The Holy Art of Imperial Russia, 1650-1917
By exhibition curator James Lansing Jackson

Toward the end of the 10th century Prince Vladimir, ruler of Kievan Rus, having begun life as a pagan, inquired into the various religions of the medieval world. He sent emissaries to the surrounding countries to investigate the various faiths practiced there. He was first attracted to Islam, liking the idea of a sensuous paradise after death. However, some of the laws of Islam, including the ban on drinking, prevented him from choosing that religion. He then looked into Judaism, but was disenchanted after he found that its people were scattered and without a country, which he saw as a mark of divine disfavor. He also inquired into Latin Christianity, but thought it rather dull after his emissaries reported back that they “found no glory there.” But it was the report given by the emissaries returning from Constantinople, the capital the Byzantine Empire, that most impacted Vladimir. There his emissaries attended a service in a building unlike any they had ever seen, the cathedral of Saint Sophia or Holy Wisdom. They were entranced by the glory of the liturgy which included incense, chants, mosaics, frescos, icons and of course the true presence. “Never have we seen such glory,” they reported, “We did not know whether we were in Heaven or on Earth.” And so, Prince Vladimir chose Greek Orthodoxy and in the year 988 Kievan Russia was converted to Christianity.

For over 1,000 years the icon has been a fixture of the Russian culture. For the first 600 years of Christianity in Russia, icon painting changed little from its roots. However, around the time of the appointment of the Patriarch Nikon in 1652, the holy art of Russia began to change as it had never changed before. The great Schism brought on by these changes generated by Nikon spawned a breakaway group of conservative church members who would come to be known as the Old Believers – Starovery. These “Old Believers” continued to adhere to the old church dogma and canons regarding the rituals of the church and in particular its rules governing sacred images (icons). At the same time, the remaining body of the church (also the vast majority) accepted the new changes. Soon after, this state supported church, like all of Russia, began to fall under the Westward minded Tsar Peter I (1682-1725). With Peter the Great’s encouraged openness, western influences could be seen in most every aspect of Russian culture including icon painting. For some, this period of change was seen as the downfall of icon painting. To many of the Old Believers it was seen as the beginning of the Apocalypse. Patriarch Nikon himself ordered the eyes of Westernized icons be put out with hot irons. Subsequently, until recently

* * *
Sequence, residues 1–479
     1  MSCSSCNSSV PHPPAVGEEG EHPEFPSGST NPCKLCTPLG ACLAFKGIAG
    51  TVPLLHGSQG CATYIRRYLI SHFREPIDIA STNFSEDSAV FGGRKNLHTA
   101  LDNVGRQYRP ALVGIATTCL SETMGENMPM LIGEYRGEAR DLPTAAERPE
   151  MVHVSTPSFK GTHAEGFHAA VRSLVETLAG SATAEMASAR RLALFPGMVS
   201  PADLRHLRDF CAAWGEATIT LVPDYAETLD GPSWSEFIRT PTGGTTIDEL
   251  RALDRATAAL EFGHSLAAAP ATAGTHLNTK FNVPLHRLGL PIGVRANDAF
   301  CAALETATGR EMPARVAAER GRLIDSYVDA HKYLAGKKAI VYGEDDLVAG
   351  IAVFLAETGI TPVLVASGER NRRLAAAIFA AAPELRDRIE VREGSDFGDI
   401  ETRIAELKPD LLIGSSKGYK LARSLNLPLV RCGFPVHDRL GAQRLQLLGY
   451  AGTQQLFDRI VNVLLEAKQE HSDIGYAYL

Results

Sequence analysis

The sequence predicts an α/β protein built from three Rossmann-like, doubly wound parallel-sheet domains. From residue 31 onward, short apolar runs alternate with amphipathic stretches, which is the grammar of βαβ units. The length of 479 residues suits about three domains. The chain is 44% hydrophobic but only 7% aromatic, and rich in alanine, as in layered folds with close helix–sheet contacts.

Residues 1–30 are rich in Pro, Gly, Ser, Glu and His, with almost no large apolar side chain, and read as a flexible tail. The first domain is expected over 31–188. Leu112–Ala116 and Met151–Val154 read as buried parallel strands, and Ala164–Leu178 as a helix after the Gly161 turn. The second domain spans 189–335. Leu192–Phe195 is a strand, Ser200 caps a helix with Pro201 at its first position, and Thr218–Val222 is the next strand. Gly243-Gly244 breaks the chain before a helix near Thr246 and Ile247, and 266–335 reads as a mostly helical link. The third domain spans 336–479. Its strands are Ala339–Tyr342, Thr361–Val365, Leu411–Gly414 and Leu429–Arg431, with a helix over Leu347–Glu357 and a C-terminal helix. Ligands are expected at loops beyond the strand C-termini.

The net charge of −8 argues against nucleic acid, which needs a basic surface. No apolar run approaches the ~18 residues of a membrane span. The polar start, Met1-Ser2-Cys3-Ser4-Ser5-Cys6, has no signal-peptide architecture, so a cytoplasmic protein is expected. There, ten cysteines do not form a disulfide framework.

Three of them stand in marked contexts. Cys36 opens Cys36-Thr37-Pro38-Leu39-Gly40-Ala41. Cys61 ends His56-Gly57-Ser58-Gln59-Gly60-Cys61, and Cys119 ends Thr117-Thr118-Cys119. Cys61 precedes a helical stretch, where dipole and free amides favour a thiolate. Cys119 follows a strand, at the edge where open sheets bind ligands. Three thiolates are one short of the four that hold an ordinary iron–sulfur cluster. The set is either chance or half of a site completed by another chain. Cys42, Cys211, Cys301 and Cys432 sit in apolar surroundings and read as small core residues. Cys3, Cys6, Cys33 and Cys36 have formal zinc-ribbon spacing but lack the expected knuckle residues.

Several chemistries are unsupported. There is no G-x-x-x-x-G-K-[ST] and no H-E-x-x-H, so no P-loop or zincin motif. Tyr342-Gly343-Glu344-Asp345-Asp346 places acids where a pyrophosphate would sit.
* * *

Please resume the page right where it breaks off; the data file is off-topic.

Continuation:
little scholarly effort has been put forth on icon painting of the last 350 years. This exhibition explores Russian icon painting and its development following the Schism, which divided the church and subsequently interrupted the centuries-old manner in which Russian icons were painted.

For the most part, the icons in this exhibition were of the type once displayed in the beautiful corner within every Christian Russian home. Only God knows what joys were shared and what sorrows emptied out in front of these sacred images. An infant’s baptism, a daughter’s wedding, a son’s return home from war, a child’s death. These were not merely pictures used to decorate the wall, but were, in the words of the Russian peasant “windows into heaven.” They were comforters in times of sorrow and an ever-present source of joy in an often dismal world of hardships. The Russian peasants believed that there was something very sacred about icons that exhibited some age. They thought that because they had been witness to so much prayer, perhaps somehow the icon retained some of the holiness poured through it over the many years. Like the peasant, I too am drawn to the icons of old. For me they embody a mystical beauty of faith, love and well-being. When I look at them I cannot help but think of the iconographer, all who have stood in prayer there before me, and of course their message. I hope that you too will find the same joy I have found on my journey to better understand these “windows into heaven.”